The death of a child can turn the whole family upside down.
Bob and Chris Kirlin learned that in January 2016, when they lost their son, Chuck, to a brain tumor. He was 36.
Talking about it helps, Bob Kirlin said.
The couple has founded a local chapter of The Compassionate Friends, a national self-help organization for families that have experienced the death of a child.
The first meeting will be at 6:30 p.m. Tuesday, Sept. 19 at Nashville United Methodist Church, and will continue on third Tuesdays.
The South Central Indiana Chapter of The Compassionate Friends will serve Brown, Bartholomew, Morgan and Monroe counties, the group reported in a press release.
“After your child dies, no one wants to talk with you about your child, probably because they are afraid of making you feel bad,” Bob Kirlin said.
“The irony is that talking about your child helps you. No one wants their child forgotten. And studies have proven that tears are an emotional release that help you to feel better.”
The Compassionate Friends was founded more than 40 years ago in England when a hospital chaplain brought two sets of grieving parents together, and realized that the support they gave each other was better than what he could provide, the group’s website says.
“This area has long needed a bereavement organization where families could talk about their loss publicly without feeling out of place,” Kirlin said.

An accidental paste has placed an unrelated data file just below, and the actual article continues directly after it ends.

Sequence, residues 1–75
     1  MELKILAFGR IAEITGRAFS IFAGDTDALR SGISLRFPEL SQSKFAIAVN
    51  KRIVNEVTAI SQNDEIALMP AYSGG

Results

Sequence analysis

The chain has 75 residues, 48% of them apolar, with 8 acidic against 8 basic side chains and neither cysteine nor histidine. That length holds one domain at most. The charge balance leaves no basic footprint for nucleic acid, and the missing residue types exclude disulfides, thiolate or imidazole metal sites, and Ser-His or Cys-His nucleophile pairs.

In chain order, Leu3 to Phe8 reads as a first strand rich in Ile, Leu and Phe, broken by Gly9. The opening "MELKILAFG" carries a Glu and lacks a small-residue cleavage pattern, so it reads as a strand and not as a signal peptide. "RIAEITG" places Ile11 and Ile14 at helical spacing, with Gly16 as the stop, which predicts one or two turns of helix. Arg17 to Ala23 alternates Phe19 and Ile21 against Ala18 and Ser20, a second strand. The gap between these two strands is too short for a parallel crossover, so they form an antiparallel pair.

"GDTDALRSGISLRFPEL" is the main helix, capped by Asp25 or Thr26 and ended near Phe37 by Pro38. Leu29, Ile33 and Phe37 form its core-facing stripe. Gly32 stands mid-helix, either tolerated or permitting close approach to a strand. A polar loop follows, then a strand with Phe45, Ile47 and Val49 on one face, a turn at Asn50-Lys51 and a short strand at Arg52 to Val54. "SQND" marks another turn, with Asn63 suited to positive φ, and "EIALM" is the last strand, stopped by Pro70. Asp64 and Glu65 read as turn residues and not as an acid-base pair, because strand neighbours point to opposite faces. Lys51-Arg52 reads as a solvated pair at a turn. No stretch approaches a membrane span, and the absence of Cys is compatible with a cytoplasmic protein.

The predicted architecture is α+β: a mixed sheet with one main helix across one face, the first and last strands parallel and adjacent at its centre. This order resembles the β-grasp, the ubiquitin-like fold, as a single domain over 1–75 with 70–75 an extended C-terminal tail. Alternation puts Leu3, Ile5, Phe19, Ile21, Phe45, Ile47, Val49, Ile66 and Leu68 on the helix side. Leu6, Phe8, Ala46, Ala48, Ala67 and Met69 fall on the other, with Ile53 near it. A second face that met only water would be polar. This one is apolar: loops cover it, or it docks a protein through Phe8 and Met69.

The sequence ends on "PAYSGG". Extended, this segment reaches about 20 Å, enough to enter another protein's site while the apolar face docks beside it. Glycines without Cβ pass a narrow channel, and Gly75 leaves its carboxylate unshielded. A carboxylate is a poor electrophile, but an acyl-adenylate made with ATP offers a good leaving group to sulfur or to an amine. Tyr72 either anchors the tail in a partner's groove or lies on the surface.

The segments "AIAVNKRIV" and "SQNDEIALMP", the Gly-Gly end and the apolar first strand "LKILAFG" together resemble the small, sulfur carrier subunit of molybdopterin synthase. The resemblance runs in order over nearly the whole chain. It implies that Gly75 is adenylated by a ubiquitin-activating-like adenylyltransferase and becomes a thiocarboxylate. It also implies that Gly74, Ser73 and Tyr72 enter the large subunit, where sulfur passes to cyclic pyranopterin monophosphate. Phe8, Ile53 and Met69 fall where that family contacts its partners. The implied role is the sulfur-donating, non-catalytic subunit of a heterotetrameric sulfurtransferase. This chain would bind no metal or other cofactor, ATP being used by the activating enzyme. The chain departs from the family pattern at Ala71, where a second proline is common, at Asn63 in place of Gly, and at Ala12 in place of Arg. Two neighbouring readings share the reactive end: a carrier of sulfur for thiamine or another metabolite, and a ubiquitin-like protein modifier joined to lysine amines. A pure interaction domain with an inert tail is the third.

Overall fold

Chapters welcome all family members to attend meetings.
Meetings are for all families regardless of the cause of death or age of the child at death, including miscarriages.
There are no fees or dues charged to attend, although “love gifts” are accepted in memory of the children of the chapter and will be used to publish a chapter newsletter, further outreach in the community, and cover other expenses, Kirlin said.
“The Compassionate Friends welcomes the South Central Indiana chapter,” said TCF Executive Director Alan Pedersen in a press release.
“When a child dies, at any age, the family suffers intense pain and may feel hopeless and isolated. The Compassionate Friends provides highly personal comfort, hope, and support to every family experiencing the death of a son or a daughter, a brother or a sister, or a grandchild, and helps others better assist the grieving family. This chapter will help us toward that mission.”